Thursday, September 29, 2016

Reflections on Teaching Without a Voice

I have mostly recovered from the surgery I had a couple of weeks ago, but this week I developed a cold and lost my voice.  It's challenging to teach without a voice, but I have managed to make it to Thursday.  In the process, I came to the following conclusions:

1.  I have excellent students.  It's amazing to me how cooperative they have been.  One seventh grader offered to teach the class, and while I didn't take her up on that, I appreciated her concern for me.  I have been putting up slides with instructions to save my voice, and they have, for the most part, rolled with it.  Last year I had an unusually great crop of kids, too, so sometimes I forget this is not always the case.  In fact, there's something about me being quiet that occasionally caused them to be quieter than usual this week, but that didn't work all the time.  (If it did, I'd just whisper from here on out.)

2.  I have done a good job in training my kids on the classroom routines.  My classes have some predictable things, things we do every day.  Sometimes I find myself reminding kids of procedures in April, but this year the students really seem to know what to expect.  They won't let me skip the Word of the Day, at least not without pointing out my mistake to me.  And it feels as though the class momentum keeps moving even when I'm not at my best.

3.  I am not the star in my classroom.  The kids are.  It's not at all a bad thing to hear less of my voice and more of theirs.  They need me to guide, but not to get there for them.  They learn to read by reading, and to write by writing.  Yes, my students need pointers and help from me, an experienced reader and writer, but there are plenty of days when I talk entirely too much.  This week I couldn't do that!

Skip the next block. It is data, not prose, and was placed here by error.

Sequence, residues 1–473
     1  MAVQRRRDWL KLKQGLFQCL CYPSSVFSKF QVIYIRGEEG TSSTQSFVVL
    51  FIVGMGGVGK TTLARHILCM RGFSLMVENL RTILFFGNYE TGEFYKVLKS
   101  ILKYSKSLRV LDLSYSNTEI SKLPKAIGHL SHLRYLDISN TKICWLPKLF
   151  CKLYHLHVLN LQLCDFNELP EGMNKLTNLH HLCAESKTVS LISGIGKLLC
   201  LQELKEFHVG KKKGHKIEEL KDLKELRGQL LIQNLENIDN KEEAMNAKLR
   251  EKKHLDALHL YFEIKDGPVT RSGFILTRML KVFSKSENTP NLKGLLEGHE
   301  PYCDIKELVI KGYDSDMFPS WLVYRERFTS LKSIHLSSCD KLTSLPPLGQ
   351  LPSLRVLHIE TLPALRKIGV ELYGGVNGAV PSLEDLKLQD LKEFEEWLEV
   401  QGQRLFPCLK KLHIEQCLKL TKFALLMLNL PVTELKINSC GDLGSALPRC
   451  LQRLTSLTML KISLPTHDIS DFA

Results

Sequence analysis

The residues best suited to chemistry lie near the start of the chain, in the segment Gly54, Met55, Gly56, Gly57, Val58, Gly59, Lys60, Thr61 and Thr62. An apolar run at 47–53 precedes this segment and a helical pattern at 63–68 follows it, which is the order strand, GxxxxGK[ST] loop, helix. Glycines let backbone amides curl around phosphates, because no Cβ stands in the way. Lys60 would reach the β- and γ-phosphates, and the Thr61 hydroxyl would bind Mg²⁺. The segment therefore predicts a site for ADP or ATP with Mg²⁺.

(Here are some of my students doing silent reading today.  I have some much better pictures of the ones who were lying on the floor and reading in comfort, but those show the students' faces, which I don't want to do on the internet without their knowledge and permission.)

4.  On the other hand, I really miss reading aloud.  It's one of my favorite things to do, and I always have a read-aloud going in both 7th and 8th grade.  (Right now we're reading Gary D. Schmidt at both levels: The Wednesday Wars in 7th and Trouble in 8th.)  I'm looking forward to getting back to the books, and judging by the kids' comments this week, so are they!

1 comment:

SW said...

You teach much better without your voice than most teachers do with their voices! So glad the students are responding well to the excellent instruction! Hang in there and get better soon!